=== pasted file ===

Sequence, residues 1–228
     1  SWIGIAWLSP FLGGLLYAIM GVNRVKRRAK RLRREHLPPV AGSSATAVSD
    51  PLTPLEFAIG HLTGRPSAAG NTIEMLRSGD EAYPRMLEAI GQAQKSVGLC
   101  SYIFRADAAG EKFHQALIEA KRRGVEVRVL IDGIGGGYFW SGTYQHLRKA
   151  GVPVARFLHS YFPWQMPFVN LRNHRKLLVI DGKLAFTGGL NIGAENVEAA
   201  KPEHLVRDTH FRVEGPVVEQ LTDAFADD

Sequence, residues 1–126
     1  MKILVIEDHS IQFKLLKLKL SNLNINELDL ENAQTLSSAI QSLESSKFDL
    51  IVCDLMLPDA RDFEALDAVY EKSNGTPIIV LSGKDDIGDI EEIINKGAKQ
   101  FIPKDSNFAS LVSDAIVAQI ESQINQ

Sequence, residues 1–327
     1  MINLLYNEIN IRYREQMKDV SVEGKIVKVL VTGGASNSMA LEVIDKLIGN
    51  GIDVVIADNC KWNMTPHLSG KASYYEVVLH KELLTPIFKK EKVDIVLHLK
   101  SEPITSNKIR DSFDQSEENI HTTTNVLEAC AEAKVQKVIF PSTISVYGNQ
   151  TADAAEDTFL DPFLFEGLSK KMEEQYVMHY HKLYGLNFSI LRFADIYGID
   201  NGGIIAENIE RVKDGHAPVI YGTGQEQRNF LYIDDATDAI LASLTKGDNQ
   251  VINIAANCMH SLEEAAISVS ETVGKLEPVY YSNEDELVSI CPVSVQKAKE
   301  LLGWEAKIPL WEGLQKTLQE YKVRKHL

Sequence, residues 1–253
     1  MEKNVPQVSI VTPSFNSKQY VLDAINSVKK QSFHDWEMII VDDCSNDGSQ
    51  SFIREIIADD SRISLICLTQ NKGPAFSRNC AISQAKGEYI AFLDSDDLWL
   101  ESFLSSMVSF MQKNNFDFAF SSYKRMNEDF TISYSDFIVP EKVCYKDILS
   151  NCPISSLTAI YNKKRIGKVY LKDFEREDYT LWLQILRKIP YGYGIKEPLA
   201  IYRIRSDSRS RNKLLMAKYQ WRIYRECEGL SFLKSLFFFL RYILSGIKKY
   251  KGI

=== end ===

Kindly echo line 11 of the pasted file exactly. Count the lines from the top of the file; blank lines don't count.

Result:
Sequence, residues 1–327